For the policy and advocacy organizations tasked with supporting immigrant communities, the challenges presented by local enforcement are manifold. Effective legal challenges will be hampered at many levels and in many areas by a judicial system that appears likely to tilt in favor of the incoming administration. Shaming or otherwise shedding an unfavorable light on participating jurisdictions will be ineffective where nativist voters represent an electoral majority. Under the circumstances, the most promising strategies are likely to be those that focus on the direct and practical organization of immigrant communities themselves. Education efforts that help immigrants to know their rights when faced with imminent enforcement actions are one example. Efforts that help immigrant communities avoid common patterns of local enforcement are another, recognizing that roadblocks and other forms of traffic enforcement are a common approach.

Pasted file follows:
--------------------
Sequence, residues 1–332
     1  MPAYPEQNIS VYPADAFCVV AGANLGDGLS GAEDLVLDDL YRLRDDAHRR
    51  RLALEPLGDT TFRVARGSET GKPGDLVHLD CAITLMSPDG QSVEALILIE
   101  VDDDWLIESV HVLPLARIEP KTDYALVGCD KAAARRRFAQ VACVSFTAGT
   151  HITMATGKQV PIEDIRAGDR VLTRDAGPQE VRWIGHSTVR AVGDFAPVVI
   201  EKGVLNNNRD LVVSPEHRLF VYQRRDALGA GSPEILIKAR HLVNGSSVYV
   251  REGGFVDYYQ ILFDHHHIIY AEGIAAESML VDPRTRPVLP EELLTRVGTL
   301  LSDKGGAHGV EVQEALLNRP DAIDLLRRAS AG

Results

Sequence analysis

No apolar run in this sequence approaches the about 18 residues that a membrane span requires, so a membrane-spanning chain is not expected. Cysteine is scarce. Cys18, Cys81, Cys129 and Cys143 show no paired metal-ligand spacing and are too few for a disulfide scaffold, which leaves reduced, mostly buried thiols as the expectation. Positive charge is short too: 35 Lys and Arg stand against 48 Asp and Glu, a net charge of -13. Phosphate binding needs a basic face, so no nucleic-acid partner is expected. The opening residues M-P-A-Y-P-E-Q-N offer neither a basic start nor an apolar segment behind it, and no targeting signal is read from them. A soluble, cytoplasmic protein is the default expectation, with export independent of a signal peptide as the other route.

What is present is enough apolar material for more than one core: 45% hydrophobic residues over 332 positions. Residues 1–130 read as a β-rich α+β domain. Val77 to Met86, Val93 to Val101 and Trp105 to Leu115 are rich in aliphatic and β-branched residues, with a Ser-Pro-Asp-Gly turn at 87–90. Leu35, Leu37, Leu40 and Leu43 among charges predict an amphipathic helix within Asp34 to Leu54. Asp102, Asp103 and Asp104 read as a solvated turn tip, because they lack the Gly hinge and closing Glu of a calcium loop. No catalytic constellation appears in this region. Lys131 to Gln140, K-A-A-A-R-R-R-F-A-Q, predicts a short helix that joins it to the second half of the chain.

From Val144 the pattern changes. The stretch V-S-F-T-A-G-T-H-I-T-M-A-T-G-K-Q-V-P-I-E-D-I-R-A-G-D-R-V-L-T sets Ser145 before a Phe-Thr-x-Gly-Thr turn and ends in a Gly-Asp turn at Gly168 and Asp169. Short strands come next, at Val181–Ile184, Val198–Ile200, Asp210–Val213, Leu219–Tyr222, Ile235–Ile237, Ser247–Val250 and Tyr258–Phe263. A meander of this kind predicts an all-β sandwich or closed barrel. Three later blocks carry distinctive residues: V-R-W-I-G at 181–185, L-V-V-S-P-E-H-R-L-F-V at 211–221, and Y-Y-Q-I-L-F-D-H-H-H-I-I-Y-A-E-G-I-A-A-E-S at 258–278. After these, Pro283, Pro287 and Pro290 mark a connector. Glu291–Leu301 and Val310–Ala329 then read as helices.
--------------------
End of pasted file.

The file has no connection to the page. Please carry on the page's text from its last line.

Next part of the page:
Finally, a focus on local enforcement allows advocates and allies to organize counter-efforts in jurisdictions where governments and law enforcement agencies value close working relationships with immigrant communities in their efforts to prevent and respond to crime. The movement by immigrant supporting jurisdictions to refuse ICE detainer requests based on the 4th Amendment interpretation laid out in Miranda-Olivares v. Clackamas County has only grown since that case was determined in 2014. While we should realistically expect this movement to come under sustained legal assault by the new administration, recent statements like that of LAPD Chief Charlie Beck that his department is “not going to work in conjunction with Homeland Security on deportation efforts” offer some reassurance that such efforts are antithetical to contemporary professionalism in police leadership.